Smartphone photography has come a long way in the last few years. While professional photographers and videographers certainly aren't ditching their DSLRs, mirrorless, or cinema cameras any time soon, the cameras on our phones are so advanced these days that the vast majority of consumers don't even need to consider buying a dedicated point-and-shoot camera. Whether you're taking selfies with your friends, photos of your kids and pets, or landscape shots on your next vacation, smartphones are more than capable of getting the job done.
In more recent years, we've accredited Google's Pixel line as some of the best Android camera experiences around, offering consistently great imaging under various lighting conditions, particularly excelling in computational photography with AI-powered features like astrophotography and portrait mode. Sure enough, I still use a Pixel 5 every day when I'm not reviewing a new phone, largely because I trust the cameras to do well in any circumstance when I don't have my a7 III handy.
But if we've learned anything from smartphone photography advancements this year, it's that computational photography can only go so far with limited hardware. The Pixel 5 uses the same Sony IMX363 sensor in its main camera that Google has used since the Pixel 2 — a great sensor for its time, but absolutely minuscule compared to the 1/1.33-inch main sensor Samsung used for the Galaxy S20 Ultra and Note 20 Ultra.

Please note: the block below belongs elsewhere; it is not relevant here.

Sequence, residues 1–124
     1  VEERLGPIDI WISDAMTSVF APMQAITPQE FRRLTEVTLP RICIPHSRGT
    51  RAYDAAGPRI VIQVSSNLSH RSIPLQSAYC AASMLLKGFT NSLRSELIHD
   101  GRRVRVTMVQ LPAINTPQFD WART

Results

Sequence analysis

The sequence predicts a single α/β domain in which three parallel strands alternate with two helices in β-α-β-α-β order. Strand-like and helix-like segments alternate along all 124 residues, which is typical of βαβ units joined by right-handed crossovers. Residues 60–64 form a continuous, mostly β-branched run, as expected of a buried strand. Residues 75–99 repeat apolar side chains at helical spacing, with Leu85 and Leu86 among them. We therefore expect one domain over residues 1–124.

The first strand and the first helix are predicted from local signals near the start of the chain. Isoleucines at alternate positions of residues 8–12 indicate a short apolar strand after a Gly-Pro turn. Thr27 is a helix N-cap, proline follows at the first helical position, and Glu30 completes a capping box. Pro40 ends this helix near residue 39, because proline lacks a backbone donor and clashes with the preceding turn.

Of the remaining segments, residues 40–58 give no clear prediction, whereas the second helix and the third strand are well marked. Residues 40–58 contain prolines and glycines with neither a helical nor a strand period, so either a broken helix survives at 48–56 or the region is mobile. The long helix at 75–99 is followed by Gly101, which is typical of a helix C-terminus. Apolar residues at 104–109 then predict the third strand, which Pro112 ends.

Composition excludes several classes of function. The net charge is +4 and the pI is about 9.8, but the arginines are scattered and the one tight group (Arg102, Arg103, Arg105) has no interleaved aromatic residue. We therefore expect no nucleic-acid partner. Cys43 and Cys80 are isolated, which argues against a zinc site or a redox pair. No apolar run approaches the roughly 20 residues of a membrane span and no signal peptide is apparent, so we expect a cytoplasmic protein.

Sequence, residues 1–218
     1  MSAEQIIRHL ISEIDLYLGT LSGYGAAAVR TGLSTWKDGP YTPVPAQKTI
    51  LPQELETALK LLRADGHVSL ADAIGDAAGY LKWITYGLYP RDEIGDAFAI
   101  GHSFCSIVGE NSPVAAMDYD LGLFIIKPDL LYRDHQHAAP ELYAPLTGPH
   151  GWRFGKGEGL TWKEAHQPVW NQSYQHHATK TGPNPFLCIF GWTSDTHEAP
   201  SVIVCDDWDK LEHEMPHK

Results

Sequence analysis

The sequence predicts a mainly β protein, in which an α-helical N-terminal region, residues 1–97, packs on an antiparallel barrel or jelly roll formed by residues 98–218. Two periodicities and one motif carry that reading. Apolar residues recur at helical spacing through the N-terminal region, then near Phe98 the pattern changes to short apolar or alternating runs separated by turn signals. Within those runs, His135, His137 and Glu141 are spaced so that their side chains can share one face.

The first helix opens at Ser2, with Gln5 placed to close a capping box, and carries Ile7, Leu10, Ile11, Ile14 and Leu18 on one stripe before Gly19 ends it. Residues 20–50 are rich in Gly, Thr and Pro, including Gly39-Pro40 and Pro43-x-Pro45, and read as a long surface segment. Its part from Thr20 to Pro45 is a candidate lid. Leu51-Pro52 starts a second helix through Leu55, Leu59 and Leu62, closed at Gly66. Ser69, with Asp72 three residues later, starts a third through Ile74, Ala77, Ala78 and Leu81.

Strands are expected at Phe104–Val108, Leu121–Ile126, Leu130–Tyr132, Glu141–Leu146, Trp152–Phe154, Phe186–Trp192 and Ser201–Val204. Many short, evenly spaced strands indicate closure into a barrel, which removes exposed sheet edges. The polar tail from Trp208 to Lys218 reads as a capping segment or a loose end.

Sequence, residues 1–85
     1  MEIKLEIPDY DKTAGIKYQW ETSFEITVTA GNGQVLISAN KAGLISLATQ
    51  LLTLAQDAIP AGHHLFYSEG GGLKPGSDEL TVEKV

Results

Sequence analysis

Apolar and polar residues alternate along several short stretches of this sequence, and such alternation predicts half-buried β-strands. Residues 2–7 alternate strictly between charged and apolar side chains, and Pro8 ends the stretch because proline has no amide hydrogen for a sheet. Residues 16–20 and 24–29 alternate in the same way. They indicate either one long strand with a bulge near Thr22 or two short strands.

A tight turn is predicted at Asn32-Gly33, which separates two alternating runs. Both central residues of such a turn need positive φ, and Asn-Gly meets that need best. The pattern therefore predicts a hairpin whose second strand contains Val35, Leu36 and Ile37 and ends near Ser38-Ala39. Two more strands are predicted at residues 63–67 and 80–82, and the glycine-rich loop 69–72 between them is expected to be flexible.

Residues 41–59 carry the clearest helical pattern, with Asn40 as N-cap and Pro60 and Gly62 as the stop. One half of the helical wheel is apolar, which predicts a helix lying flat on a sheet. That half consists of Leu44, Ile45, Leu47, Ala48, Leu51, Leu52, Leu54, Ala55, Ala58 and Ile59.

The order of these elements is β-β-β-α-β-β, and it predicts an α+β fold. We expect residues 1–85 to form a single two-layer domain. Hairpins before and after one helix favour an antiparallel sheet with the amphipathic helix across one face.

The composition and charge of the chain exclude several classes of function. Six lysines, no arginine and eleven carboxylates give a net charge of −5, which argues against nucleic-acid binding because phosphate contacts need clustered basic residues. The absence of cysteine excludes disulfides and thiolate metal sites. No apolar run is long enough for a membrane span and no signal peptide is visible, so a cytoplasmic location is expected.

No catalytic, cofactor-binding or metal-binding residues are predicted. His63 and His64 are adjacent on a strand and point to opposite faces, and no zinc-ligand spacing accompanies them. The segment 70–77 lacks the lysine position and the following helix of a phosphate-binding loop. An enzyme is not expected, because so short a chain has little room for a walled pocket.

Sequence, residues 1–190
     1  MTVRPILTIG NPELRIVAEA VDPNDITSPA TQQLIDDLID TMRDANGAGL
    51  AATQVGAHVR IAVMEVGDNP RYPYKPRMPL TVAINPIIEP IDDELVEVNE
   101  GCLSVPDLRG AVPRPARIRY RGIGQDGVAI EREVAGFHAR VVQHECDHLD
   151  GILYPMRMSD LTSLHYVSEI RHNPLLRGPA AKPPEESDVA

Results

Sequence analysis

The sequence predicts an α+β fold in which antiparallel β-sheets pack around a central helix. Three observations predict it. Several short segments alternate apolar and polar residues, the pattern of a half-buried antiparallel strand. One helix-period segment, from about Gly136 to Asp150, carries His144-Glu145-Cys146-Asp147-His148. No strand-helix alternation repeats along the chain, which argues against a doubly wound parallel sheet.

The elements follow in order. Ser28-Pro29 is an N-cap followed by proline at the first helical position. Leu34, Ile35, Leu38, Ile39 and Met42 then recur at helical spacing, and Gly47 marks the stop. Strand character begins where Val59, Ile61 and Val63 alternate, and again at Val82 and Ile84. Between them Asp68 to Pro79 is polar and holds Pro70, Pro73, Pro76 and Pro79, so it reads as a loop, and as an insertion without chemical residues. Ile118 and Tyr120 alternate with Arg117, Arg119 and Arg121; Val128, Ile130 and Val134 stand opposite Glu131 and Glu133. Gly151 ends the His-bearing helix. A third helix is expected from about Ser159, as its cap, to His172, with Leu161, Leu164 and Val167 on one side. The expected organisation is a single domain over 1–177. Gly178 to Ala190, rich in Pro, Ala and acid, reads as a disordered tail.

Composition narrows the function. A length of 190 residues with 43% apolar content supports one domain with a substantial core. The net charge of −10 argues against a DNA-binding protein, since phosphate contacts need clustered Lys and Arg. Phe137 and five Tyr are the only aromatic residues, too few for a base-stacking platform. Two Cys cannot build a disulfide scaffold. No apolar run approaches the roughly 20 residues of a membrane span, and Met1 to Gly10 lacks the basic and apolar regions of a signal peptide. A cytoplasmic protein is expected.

That's important because sensor size directly correlates to quite a few factors of your final image. Google's AI-driven portrait mode is generally pretty great (and certainly better than similar features from much of the competition). Still, the Note 20 Ultra's massive sensor can capture shots with a similarly dramatic depth of field organically, complete with real bokeh bubbles in the background. That means no more worrying about poor object separation in your portrait shots; you can't mess up what isn't artificial.
Having a larger sensor also allows cameras like the Note 20 Ultra to take in more light, performing better in dark settings without needing to flip over into night mode. Of course, that means you're already starting with an advantage if you do need to use night mode, as well.
Generally speaking, I far prefer Google's image processing over Samsung's, the latter of which tends to oversaturate and overexpose, creating a cartoonish look to most photos. I've criticized this processing in nearly all of my Samsung reviews this year. However, I still think the Note 20 Ultra's larger sensor makes it a better overall camera than the Pixel 5. Imagine what a Pixel with a larger sensor could do; Google's image processing and computational photography behind a giant camera sensor that grants it better organic depth, more light intake, and better dynamic range.
It's a bit early for any meaningful Pixel 6 leaks to start making their rounds just yet (the Pixel 5 only just came out, after all). Still, I'm very hopeful that Google decides to include a larger camera sensor next time around. Of course, this doesn't just apply to Google; every manufacturer should strive to improve its phones' cameras, and sensor size plays a major role.
Point and shoot
The phone I use every day
Google may not have the wide imaging lead it used to, but the Pixel 5 still takes absolutely fantastic photos, with both wide and ultra-wide lenses to choose from. It also runs clean Android 11 software, with years of guaranteed timely software updates.
Sign up for Black Friday email alerts!
Get the hottest deals available in your inbox plus news, reviews, opinion, analysis and more from the Android Central team.
Hayato was a product reviewer and video editor for Android Central.